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The 'duty to repair' in practice: the hundred years history of a legal concept

Abstract : International norms – both social and legal – are usually the by-product of historical ruptures during which new generations of norms entrepreneurs benefit from windows of opportunities to force global structural changes. For instance, it is widely noticed that the two world wars in the twentieth century have led to massive global normative changes in financial regulation. One can only cite the sudden rise of states’ recognition of a duty to provide for the social security of their citizens – a move that is often associated with the rise of Keynesianism (Hall 1989) – or a duty to repair war-led destructions. Most often, in the last century, the addition of new duties on the side of states has been framed in the language of hard-gained rights by citizens who suffered catastrophic destruction from the Great War to the end of the Cold War. By focusing on the emergence and evolution of such a new norm as the state's duty to repair, we wish to trace the origins of major shifts in international norms and citizens’ rights throughout the twentieth century...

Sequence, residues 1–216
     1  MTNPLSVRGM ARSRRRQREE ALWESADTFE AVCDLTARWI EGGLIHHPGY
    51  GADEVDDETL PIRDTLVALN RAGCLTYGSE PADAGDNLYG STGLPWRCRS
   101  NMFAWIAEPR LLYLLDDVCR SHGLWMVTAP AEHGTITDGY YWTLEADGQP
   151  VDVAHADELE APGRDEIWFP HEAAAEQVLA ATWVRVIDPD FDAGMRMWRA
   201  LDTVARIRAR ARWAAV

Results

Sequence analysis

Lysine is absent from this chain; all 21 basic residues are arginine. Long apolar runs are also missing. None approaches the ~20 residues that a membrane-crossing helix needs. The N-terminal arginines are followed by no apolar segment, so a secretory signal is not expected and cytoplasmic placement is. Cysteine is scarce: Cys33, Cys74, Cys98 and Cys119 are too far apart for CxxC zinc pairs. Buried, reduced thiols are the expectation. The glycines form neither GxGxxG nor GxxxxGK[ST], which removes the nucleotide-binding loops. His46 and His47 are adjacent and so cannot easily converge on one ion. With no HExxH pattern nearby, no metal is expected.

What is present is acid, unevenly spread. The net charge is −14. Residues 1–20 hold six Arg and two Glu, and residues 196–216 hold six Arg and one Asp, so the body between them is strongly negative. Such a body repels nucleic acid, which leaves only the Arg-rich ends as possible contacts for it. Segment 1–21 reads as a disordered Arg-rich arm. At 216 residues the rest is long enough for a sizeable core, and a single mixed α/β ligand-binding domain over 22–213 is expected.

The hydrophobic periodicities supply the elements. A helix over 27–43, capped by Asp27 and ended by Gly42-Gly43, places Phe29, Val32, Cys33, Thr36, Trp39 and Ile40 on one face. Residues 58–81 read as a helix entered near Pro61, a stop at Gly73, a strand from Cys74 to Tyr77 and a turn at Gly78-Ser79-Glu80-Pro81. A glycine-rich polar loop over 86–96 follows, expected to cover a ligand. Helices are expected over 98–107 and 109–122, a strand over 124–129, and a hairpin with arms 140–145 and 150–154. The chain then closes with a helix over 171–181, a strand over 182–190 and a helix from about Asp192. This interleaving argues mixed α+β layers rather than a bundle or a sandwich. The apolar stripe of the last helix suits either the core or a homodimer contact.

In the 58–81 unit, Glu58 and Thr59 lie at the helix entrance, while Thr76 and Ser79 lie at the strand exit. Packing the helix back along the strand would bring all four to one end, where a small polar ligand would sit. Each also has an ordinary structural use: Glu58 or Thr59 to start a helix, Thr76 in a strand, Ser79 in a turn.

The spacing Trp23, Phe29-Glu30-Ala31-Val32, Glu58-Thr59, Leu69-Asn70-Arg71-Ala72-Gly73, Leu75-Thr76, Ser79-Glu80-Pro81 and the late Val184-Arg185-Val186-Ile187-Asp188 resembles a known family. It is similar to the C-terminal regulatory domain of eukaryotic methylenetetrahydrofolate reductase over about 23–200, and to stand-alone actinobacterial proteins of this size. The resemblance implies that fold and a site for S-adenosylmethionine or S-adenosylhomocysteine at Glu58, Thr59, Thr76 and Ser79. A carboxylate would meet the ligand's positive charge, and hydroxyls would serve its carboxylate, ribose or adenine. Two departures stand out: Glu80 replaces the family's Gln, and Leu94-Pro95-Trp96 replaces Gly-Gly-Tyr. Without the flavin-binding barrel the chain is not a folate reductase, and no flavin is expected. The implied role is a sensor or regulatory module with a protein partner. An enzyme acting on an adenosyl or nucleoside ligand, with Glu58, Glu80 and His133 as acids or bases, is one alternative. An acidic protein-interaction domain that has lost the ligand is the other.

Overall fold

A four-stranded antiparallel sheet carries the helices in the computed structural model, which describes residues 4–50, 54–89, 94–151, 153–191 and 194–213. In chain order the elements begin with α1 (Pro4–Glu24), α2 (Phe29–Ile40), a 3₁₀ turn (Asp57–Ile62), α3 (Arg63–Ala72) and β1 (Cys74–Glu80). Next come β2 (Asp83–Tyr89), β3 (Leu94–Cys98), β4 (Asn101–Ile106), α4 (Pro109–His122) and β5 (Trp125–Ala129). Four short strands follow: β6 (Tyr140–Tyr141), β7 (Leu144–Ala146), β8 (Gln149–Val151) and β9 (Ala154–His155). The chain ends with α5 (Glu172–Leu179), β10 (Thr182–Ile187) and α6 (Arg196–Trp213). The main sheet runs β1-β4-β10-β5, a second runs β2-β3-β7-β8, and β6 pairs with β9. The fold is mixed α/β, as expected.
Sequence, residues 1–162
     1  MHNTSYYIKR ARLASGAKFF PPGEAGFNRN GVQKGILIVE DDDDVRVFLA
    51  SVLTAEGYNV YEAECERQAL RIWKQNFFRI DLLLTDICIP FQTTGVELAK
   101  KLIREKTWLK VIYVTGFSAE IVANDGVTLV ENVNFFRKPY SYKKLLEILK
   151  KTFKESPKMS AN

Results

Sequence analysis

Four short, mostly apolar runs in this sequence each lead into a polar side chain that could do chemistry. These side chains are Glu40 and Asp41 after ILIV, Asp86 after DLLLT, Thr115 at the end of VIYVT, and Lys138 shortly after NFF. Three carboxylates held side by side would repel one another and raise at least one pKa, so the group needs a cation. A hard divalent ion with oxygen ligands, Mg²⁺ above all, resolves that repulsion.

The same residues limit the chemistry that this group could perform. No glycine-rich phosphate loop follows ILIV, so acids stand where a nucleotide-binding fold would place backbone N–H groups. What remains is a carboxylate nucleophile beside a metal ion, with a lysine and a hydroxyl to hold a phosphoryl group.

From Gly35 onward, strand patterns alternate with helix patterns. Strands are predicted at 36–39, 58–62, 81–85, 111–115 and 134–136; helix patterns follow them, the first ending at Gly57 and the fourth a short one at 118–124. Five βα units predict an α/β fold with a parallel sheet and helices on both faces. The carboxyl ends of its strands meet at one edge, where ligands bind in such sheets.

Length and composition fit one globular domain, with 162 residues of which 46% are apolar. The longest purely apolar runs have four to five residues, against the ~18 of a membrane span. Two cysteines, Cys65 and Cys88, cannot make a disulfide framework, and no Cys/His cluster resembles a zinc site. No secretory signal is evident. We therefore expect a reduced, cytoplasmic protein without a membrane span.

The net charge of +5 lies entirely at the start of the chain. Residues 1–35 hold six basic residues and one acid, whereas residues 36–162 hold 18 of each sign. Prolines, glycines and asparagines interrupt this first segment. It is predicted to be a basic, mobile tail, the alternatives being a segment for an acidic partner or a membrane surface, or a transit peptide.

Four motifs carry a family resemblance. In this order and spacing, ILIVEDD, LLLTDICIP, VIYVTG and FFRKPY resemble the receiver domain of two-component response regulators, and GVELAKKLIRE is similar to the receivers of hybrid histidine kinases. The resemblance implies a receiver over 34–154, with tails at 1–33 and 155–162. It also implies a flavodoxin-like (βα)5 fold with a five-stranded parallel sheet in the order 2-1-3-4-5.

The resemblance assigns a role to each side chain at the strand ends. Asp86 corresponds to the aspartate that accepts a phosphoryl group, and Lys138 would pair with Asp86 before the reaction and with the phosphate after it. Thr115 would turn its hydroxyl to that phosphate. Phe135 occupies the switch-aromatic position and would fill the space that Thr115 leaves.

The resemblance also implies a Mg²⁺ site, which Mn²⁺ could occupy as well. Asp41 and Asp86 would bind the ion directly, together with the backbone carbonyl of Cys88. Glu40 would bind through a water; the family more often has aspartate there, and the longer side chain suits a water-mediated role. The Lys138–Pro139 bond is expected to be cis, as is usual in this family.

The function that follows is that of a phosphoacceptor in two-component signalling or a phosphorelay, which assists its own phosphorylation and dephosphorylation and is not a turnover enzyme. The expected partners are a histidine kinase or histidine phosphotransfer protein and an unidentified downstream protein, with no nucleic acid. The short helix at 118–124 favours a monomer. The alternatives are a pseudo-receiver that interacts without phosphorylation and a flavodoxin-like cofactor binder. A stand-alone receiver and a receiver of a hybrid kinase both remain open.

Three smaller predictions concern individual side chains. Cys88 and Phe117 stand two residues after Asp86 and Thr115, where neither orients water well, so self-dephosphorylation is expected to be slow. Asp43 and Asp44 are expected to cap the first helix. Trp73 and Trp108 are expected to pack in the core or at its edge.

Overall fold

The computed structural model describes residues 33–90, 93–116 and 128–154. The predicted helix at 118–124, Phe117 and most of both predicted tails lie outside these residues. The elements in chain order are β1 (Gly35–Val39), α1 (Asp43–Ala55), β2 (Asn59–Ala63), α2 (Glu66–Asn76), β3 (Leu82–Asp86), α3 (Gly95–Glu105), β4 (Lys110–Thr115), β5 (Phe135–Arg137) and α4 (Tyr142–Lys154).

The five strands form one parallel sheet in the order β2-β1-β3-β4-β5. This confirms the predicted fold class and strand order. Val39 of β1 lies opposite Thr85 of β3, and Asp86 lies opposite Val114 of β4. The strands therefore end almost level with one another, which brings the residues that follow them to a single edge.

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Ariel Colonomos, Grégoire Mallard. The 'duty to repair' in practice: the hundred years history of a legal concept. Grégoire Mallard; Jérôme Sgard. Contractual Knowledge. One Hundred Years of Legal Experimentation in Global Markets, Cambridge University Press, pp.215 - 248, 2016, 9781107130913. ⟨hal-03385719⟩



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